, NAIROBI, Kenya, Sep 27 – A mobile phone application that allows subscribers to secretly monitor other people’s cell phone call data and SMSs is gathering popularity among Kenyans, especially those who want to spy on their partners.
The application dubbed ‘Juju’ is discreetly loaded onto the suspect’s phone and it automatically forwards all incoming and outgoing calls and messages to the spying partner’s phone.
Speaking exclusively to Capital News, Juju Limited Managing Director George Njoroge said the application also has an added GPS feature that tells users their target’s location.
“Once phone A receives an SMS, it forwards to phone B immediately no matter where or how far the phones are from each other. So as long as there is GPS and a GSM network it will do it,” he said.
“If phone A is off it will show on phone B and once it is switched on, all the data it had collected will be sent to phone B.”
Installing the software costs Sh15,000 and Mr Njoroge claimed that 400 people had subscribed to it over the last three days. He was however quick to point out that once the software was installed, the cost implications of forwarding the data would be met by the ‘suspect’.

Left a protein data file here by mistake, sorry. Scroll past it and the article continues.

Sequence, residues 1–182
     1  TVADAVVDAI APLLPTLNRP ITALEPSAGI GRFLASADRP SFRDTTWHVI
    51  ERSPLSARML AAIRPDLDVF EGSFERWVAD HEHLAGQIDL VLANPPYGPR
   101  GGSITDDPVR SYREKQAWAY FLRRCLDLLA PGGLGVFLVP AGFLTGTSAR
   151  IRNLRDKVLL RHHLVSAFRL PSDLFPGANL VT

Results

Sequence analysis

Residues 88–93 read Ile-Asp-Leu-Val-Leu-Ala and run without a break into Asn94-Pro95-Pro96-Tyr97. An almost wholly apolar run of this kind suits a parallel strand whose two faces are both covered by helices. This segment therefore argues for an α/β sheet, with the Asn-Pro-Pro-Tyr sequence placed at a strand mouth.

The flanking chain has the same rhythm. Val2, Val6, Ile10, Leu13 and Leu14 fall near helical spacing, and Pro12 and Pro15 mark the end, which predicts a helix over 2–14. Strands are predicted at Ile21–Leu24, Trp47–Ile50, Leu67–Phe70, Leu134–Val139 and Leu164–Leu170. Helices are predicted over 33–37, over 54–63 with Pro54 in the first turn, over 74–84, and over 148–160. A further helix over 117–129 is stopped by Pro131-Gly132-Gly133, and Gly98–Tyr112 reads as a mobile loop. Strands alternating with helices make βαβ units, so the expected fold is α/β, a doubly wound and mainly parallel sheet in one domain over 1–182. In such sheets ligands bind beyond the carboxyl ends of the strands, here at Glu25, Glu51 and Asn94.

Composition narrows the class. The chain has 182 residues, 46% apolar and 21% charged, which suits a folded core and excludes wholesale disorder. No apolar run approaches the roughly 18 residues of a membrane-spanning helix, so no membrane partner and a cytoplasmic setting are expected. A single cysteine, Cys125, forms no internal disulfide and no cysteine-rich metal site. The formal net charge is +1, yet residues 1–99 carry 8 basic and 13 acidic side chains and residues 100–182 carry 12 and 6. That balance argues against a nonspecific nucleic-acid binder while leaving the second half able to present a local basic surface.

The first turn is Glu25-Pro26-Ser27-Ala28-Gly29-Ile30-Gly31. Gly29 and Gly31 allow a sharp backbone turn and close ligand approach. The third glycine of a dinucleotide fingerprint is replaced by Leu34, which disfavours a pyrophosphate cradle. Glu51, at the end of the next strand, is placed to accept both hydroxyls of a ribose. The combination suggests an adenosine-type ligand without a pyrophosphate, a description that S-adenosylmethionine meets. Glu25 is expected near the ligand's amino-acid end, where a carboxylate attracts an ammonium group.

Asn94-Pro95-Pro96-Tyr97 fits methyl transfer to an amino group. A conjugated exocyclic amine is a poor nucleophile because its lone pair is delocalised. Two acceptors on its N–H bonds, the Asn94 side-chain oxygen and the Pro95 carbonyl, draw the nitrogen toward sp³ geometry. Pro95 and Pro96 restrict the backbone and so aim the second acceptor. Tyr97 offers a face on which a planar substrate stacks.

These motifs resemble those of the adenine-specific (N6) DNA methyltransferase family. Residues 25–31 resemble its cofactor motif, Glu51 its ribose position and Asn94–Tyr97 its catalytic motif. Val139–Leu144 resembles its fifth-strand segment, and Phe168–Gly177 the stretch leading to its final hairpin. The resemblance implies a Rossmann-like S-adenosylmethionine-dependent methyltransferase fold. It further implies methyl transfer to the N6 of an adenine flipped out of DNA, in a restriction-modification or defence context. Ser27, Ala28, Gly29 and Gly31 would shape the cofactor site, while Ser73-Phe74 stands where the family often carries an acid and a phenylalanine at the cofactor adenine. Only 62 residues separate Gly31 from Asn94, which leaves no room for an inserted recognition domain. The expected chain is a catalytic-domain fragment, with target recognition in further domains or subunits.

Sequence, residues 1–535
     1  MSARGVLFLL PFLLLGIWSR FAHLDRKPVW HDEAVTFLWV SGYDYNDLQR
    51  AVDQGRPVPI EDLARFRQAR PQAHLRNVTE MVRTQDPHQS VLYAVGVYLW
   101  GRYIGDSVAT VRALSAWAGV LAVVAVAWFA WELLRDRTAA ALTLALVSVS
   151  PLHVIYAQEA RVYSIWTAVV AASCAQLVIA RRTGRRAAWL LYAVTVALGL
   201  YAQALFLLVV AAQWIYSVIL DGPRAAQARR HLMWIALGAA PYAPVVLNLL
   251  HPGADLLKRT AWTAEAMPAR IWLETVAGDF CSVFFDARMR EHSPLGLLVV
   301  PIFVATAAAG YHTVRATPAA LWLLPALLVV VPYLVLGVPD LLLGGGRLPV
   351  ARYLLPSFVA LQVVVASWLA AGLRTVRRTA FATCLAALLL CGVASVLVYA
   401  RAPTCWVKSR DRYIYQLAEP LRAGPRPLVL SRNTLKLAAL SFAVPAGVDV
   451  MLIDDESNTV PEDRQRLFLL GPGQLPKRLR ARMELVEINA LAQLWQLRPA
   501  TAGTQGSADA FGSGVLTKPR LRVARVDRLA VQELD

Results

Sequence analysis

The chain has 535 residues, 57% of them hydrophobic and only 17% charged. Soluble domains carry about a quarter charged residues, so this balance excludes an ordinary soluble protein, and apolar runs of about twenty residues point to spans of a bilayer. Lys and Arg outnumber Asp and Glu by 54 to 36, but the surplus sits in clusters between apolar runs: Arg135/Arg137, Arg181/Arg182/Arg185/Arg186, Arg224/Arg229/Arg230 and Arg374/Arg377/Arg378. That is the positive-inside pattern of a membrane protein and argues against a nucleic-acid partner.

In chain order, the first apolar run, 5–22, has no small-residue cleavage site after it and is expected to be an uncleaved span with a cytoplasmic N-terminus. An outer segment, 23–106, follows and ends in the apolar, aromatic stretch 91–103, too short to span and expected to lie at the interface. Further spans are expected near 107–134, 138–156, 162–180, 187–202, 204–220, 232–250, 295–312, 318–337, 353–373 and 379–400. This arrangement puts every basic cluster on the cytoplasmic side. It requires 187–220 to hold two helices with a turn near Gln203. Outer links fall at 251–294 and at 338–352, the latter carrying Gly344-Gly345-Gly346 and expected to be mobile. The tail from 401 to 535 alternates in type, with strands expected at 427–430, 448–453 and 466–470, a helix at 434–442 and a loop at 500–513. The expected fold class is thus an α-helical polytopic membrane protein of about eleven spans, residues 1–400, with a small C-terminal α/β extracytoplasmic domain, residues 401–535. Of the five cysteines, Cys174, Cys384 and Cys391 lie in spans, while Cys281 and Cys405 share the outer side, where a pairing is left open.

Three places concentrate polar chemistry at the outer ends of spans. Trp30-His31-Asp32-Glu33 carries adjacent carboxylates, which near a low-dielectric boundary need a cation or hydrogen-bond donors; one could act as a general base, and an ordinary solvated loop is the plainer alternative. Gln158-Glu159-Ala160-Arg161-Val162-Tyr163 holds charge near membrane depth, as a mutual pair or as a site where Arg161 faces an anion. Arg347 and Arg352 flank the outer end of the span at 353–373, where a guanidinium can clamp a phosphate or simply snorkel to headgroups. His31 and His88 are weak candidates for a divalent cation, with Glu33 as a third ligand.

“The persons being monitored unknowingly pays for the SMSs but we advice our clients to load the phones that they are monitoring with credit so as to reduce conflict,” he said.
Separately, the Communications Commission of Kenya said it had launched investigations to establish whether the application was legal in Kenya. The software vendor however argued that it was primarily designed to enhance security.
“You have a right to know what your child is doing and you have a right to know what is happening in your home. That in itself is a security concern; the same way you would install CCTV in your home and in your office. It is a mobile CCTV,” he said.
He further absolved himself and the company from any harm that might be caused out of using the software: “Some people might want to abuse the application and monitor their wives, husbands, girlfriends or boyfriends but that is not what we are after because spying on such persons won’t add any value to you. Guns protect people but can also kill.”
However, Nairobi lawyer Evans Monari told Capital News that the application infringed on the law, which states that the private communication of a person should not be interfered with.
Mr Monari asked the police to stop the retailers and subscribers of the software from using it as it could easily be abused.
“More specifically, the Kenya Communications Act number II of 1998 at section 32 makes it an offence to obstruct or intercept transmission or to acquaint oneself with the contents of any private message,” he said adding that the offence attracted a fine of Sh1 million or a five year jail time or both.
He also discounted the reasoning by the vendors that it was designed to enhance children’s security: “There are other ways of looking after children…there are other ways of taking care of our spouses other than spying on them.”